Wednesday, March 02, 2011


This is a podcast that answers a question that a young student asked concerning what animators do. Rather than simply give her just typed answers which cam easily morph into a sort of egocentric infomercial about yourself, I wanted to give her a really personal answer I hope she shares with her classmates.

As a student myself, I always hated when I asked a professional a question I really wanted an answer to, only to have them talk way over my head and drown me in verbage, or condescendingly give me some useless, " baby answer". I hope in my response to this student, that I did neither. Instead, I expanded on my written answer, and gave her, in this audio. More tips that she could implement right NOW instead of waiting until she grew up. Technology has literally put all the tools in reach. All she has to do is reach out and grab. I hope she pulls back stars.

Here is the original written transcript. The audio follows the same basic format, but since I am speaking/reading I add a lot of additional details in the audio that is not written here, so I suggest interested listeners check out both.  Im posting this because there are a lot of similar questions have been asked of me over the years on my ALL EXPERTS colum  as well as at my live parties and special events. I had been procrastinating for a while of writing something out, and this students questions kinda force me to do that, so hat's off to her.My answers are NOT meant to be "the definitive word" in how to do animation. It is simply my account of MY role in the industry, and what I've done up to this point in my career. Having said that, enjoy the interview, and if you have comments or questions, do not hesitate to write me!

What got you interested in animation?

I got interested in animation as a kid watching a cartoon called UNDERDOG. What I loved especially about Underdog was he talked entirely inRhyme, just like a rapper! LOL! He was always saving his girlfriend, reporter Sweet Polly Purebread from danger, and used to say, WHEN POLLYS IN TROUBLE,I AM NOT SLOW, SO IT'S HIP, HIP, HIP, AND AWAY I GO!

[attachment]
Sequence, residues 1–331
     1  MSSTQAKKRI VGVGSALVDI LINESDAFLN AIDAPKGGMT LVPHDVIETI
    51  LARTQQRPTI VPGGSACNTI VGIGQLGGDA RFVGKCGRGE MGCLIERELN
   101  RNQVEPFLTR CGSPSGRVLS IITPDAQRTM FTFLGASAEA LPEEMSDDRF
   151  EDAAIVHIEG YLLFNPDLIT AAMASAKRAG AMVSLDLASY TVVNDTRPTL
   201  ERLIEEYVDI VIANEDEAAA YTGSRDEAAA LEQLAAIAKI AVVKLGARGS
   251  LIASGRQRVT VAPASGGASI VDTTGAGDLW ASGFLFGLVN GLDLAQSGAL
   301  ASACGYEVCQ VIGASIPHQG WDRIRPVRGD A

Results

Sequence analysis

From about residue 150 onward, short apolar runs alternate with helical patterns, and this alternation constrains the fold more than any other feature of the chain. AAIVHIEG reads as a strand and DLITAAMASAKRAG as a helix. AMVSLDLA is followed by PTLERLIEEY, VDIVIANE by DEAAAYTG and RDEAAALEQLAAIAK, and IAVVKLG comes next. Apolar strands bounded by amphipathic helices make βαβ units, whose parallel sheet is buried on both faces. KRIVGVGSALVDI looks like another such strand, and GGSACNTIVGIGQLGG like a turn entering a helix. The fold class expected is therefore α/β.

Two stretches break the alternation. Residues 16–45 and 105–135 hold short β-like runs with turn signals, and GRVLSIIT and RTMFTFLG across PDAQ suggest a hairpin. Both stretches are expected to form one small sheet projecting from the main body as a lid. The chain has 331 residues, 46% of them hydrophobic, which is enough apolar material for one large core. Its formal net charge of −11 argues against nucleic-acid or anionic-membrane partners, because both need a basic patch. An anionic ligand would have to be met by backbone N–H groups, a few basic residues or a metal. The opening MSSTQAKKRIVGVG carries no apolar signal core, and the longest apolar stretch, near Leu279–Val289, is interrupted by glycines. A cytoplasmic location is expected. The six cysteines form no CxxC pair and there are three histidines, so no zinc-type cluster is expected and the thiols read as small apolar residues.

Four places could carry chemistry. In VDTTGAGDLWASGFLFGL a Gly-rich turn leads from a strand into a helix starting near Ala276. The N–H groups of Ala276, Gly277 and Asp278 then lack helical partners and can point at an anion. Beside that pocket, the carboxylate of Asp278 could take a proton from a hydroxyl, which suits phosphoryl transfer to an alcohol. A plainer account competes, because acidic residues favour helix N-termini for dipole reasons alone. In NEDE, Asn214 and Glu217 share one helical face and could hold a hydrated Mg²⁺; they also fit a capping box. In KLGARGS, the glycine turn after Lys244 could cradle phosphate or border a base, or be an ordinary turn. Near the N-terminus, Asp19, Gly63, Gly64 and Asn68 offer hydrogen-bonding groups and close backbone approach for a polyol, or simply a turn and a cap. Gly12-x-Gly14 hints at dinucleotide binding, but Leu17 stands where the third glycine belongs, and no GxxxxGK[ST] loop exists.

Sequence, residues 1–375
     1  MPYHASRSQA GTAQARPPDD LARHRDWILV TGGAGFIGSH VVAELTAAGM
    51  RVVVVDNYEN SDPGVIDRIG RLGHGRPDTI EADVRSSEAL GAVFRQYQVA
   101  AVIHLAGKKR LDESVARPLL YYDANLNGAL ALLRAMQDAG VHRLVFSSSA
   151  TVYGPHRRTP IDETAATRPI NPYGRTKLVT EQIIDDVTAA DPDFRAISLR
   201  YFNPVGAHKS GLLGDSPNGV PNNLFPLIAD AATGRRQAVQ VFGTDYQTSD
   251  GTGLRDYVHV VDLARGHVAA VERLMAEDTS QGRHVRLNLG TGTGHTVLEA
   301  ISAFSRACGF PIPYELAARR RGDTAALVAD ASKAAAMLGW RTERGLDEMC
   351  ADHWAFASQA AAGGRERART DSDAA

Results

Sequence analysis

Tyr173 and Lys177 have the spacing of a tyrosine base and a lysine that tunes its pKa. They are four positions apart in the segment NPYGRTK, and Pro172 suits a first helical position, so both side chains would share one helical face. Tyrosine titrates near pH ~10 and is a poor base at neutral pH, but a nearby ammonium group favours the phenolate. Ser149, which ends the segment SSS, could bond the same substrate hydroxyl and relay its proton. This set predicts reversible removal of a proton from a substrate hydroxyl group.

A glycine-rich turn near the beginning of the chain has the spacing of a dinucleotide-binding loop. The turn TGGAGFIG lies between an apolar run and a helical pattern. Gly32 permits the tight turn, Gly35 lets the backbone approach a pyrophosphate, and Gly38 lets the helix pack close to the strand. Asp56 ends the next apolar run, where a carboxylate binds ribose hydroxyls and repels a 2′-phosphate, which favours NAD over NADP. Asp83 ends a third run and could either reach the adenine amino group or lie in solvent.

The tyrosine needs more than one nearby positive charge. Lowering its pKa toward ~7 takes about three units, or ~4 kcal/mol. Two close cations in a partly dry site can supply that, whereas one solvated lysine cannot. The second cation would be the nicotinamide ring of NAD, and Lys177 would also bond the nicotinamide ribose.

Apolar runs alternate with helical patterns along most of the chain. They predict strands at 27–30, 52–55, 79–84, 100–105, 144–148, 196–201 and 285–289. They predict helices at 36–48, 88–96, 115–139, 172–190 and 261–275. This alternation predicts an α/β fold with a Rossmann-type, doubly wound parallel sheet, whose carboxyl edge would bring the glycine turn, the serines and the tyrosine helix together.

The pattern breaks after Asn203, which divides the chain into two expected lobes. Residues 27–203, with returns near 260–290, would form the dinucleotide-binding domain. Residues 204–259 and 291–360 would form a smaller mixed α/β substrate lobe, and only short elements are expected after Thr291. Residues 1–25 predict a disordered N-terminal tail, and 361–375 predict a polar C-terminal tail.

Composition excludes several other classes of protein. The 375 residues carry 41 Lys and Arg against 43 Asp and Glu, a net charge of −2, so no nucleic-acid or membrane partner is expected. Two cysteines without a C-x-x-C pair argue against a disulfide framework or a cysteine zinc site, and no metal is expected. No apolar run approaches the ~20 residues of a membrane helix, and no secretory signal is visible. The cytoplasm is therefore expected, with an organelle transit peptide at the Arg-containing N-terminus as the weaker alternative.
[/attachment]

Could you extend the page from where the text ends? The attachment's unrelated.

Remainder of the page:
When the show was over, I went straight to my drawing paper!

To watch an animated film, how do you get the film into a device to watch it?

There are a couple of ways to do it now with the technology available, but it usual involved some conversion process that made into DVD. Web animation is done using programs like Flash, and others. You can also make very simple animation called GIF an older technology that still works.

What is your job in animation?

Some people think, that in animation, there is one person doing "everything". The truth is, there are many people involved, each doing their own specialized thing very well , and then handing off their contribution to the next person in the process. My contribution is whats known as a character designer. Its my job to design the signature look of the character. It's up to me to design a character that fits the role of the story he's going to be in, whether as the hero, the villain or the quirky best friend. I have to draw the character in such a way that it will be easy for other animators to draw too, since we work in a team to make the film faster. My skill is specialized also because I specialize in drawing caricature, which is a fancy word for real funny and exaggerated. Sometimes I have to draw celebrities and make them look simple, which is sometimes hard to do!

Can you tell me about how you make animation?

I use, what's known as 2D animation, and I use a traditional approach which involves pages and pages of drawing different poses, each drawing building on the next until I have a completed sequence. At my stage, these drawings are still in pencil, sometimes rough, and put into a pencil test program to see how smooth the movement looks. (monkey jam is a great Free program which can enable you to do your own pencil tests) once the pic is approved they are inked over and colored, and the cycle repeats itself.

What is the science behind animation?

Gee, they said there would be no math in the interview,,,, I will say the most important bit of science I learned while animating is that 24 frames which equal 24 individual drawings equal one second on film....ONE second. Get out 24 sheets of paper put them side by side, and you get the idea WHY you NEED a TEAM of people to help you complete even a short 10-15 minute animated cartoon!

How long does it take to complete a film?

There is no cookie cutter one size that fits all answer. I will say that it depends on the type of film you're doing. If you are doing what's called limited animation, which is what a lot of web animation is based on, the time is relatively short, compared to if you are doing a 3D full length Pixar 2hour feature film. Speed of production also is determined by the size of your team, many hands make fast work, fewer hands make slow work. The great thing is there are a lot of jobs in animation, and you need not get discouraged if you feel you can't draw well enough. We need people who paint backgrounds and scenery, people who know the computer animation programs ,( you'd be surprised that many of them can't draw a straight line), as well as people do do voices, sing songs, or score the music. Hope I not only answered your questions, but encouraged you to start a great career, trust me , YOU CAN BEGUN NIOW!